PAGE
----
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JPM Conference: NanoString Developing Novel Sequencing Chemistry Based on Optical Barcoding

SAN FRANCISCO (GenomeWeb) – At the JP Morgan Healthcare Conference here today, NanoString Technologies CEO Brad Gray said that the firm has been developing a novel single-molecule hybridization-based sequencing chemistry that leverages the company's optical barcoding technology.

Gray declined to provide details on the chemistry, which he dubbed Hyb&Seq, but said that it would be single-molecule, based on hybridization, and would not require amplification, the use of enzymes, or even library prep.

The chemistry is especially "tuned for clinical workflows," particularly the cancer market, and will focus on targeted sequencing, Gray said. He also noted that the company will present additional details on the chemistry at next month's Advances in Genome Biology and Technology meeting in Orlando, Florida.

NanoString has enlisted the Institute of Systems Biology's Leroy Hood, the Broad Institute's Chad Nusbaum, and University of Washington's Jay Shendure as scientific advisors for the technology. Joe Beechem, NanoString's senior vice president of R&D, led development of the technology, Gray said.

An eventual product based on the chemistry is still "several years in the future," Gray said. Thus far the company has focused on developing the chemistry and has now reached a proof of concept. The ultimate instrument will be a new product developed by NanoString that is based on the same principles and components as the nCounter system, Gray said.

Aside from the Hyb&Seq technology, Gray unveiled another R&D initiative that would incorporate spatial context with gene expression to create a 2D picture of gene expression, for instance from a formalin-fixed paraffin-embedded tissue sample.

The technology could "build a picture of exactly how protein expression varies from site to site" across the FFPE sample, Gray said. Thus far, the firm's researchers have demonstrated the ability to do this for up to 36 proteins at once. Essentially, Gray said, the technology uses the same antibodies with optical barcodes that it uses in its traditional proteomic assays and then lays them on an FFPE slice and uses a photocleavable linker to collect the barcodes that elute off of each region. The backend is the firm's nCounter, which simply counts those barcodes, Gray said.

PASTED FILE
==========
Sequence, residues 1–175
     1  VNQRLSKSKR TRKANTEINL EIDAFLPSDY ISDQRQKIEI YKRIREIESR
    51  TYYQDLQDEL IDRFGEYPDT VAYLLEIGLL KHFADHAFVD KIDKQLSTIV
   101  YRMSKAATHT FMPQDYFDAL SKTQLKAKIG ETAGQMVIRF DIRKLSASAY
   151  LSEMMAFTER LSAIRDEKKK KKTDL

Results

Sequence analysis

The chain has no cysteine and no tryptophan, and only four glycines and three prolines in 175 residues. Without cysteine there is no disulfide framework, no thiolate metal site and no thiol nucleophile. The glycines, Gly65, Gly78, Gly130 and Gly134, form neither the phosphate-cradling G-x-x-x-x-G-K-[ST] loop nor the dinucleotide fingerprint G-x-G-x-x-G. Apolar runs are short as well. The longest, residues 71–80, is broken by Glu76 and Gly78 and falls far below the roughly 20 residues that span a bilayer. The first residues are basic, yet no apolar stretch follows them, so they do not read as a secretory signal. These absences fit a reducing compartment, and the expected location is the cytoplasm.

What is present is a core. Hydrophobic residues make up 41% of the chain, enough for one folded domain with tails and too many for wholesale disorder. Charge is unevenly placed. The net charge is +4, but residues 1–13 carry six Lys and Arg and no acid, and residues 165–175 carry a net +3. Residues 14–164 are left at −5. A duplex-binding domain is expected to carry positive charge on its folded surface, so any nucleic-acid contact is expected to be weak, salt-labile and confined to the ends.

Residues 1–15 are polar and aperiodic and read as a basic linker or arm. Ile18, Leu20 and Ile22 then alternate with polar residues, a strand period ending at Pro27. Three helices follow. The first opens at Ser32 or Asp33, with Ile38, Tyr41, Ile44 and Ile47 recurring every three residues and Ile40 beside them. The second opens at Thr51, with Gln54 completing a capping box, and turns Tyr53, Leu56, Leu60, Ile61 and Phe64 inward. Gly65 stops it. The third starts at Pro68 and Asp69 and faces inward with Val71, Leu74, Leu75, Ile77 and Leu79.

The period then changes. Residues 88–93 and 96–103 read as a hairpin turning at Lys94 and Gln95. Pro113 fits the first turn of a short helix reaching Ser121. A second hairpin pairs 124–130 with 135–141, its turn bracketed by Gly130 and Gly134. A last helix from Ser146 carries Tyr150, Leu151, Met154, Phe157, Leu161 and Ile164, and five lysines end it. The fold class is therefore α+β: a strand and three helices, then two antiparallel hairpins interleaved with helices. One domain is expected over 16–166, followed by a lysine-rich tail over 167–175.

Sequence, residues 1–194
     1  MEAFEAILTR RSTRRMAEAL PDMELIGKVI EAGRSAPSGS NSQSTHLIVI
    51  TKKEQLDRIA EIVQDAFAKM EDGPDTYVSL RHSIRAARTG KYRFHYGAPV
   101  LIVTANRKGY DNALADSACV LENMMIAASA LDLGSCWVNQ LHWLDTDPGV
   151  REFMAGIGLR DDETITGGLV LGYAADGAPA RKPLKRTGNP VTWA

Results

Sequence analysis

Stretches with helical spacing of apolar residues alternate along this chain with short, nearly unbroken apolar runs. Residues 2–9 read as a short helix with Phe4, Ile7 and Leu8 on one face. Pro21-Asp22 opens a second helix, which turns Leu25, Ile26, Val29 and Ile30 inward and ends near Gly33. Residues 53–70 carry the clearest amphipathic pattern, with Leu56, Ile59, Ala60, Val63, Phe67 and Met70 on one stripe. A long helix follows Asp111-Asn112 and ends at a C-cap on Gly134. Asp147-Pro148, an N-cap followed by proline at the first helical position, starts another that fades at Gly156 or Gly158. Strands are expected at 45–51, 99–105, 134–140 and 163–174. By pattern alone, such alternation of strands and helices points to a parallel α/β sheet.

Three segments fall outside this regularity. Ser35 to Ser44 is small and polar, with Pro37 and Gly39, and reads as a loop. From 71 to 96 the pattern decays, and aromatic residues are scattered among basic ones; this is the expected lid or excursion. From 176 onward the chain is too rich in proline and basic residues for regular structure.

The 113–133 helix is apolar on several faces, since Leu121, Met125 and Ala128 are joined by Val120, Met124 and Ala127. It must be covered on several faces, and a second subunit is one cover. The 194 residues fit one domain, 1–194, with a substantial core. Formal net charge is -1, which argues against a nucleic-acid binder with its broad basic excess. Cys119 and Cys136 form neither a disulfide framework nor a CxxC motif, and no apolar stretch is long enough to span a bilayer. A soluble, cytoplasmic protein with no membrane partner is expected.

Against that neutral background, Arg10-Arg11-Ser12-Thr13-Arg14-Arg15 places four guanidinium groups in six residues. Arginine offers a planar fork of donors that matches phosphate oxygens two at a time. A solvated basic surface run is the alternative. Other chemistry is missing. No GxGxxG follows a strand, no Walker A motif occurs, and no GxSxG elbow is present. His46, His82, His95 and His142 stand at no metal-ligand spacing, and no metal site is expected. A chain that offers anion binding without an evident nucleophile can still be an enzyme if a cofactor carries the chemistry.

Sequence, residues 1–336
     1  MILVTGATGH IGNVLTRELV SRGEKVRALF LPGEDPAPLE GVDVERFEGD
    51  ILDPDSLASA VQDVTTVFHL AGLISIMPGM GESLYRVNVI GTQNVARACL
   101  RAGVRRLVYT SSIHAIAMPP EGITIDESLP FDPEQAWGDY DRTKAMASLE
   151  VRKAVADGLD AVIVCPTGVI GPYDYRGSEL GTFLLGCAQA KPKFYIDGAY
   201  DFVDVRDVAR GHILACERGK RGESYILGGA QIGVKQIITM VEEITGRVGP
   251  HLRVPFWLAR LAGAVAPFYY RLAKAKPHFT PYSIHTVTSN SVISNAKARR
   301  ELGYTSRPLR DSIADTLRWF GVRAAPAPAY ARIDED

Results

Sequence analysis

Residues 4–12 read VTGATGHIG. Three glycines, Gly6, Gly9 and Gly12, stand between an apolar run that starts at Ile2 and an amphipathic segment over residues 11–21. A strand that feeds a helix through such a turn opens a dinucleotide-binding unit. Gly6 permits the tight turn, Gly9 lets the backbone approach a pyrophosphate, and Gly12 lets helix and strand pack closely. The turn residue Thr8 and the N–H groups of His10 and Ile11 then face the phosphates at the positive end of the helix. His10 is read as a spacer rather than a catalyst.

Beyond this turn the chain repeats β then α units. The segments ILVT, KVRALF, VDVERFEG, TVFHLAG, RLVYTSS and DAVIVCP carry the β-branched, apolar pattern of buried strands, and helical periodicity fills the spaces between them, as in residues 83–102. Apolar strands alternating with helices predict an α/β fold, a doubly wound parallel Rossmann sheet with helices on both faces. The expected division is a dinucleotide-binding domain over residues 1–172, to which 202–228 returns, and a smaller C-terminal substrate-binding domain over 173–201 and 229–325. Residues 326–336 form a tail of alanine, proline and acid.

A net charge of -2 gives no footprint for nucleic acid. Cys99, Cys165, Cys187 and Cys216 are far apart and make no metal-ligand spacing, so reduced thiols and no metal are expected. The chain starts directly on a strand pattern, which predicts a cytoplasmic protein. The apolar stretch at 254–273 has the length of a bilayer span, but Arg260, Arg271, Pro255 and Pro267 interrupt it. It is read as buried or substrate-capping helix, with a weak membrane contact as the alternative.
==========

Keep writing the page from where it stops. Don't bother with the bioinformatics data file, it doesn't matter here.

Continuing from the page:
He said that the technology will be "critical for immuno-oncology applications," an area that will be a major focus of NanoString in the future. He also noted that data on this technology would be presented this year at a scientific conference

Gray said that these two programs are still in the early stages of development. For 2016, the firm has several more-concrete goals, including advancing its new 3D Biology technology, continuing its push into the immuno-oncology space, expanding its customer base with the nCounter Sprint instrument, and capturing opportunities in the diagnostic space.

The 3D Biology chemistry, which NanoString launched last September, enables researchers to analyze DNA, RNA, and proteins from the same sample at the same time.

By the end of 2016, Gray said the firm will have launched 15 new 3D Biology products — three DNA panels, three protein panels, and nine RNA panels. The 3D Biology technology will also help the firm move further into the immuno-oncology space because, he said, the technology is "well-tuned to the unique biomarker needs of immuno-oncology," which requires more than just a specific mutation. With immuno-oncology, researchers "need to understand both what's driving the tumor and also the status of the immune system, which is more proteomics-driven," he said.

On the diagnostic front, Gray said that the firm will continue to grow its Prosigna breast cancer assay and also "lay the groundwork for additional collaborations" for companion diagnostics. In 2015, it announced deals with Merck and with Medivation and Astellas Pharma.

Gray said the firm expects that the nCounter Sprint system will open up what was previously an untapped market — that of the individual researcher interested in NanoString's technology but unable to afford the larger, more expensive nCounter Max.

In 2015, 70 percent of nCounter Sprint sales were to new users, Gray said. Since launching the platform last August, NanoString has sold 20 nCounter Sprint instruments, 14 of which were in the fourth quarter. Across all of its product lines, the company sold more than 100 total instruments in 2015 and maintained an average consumable pull-through of over $100,000 per system, Gray said. Those sales helped drive total 2015 revenues of between $61.5 million and $62.5 million, which the firm pre-reported earlier this week.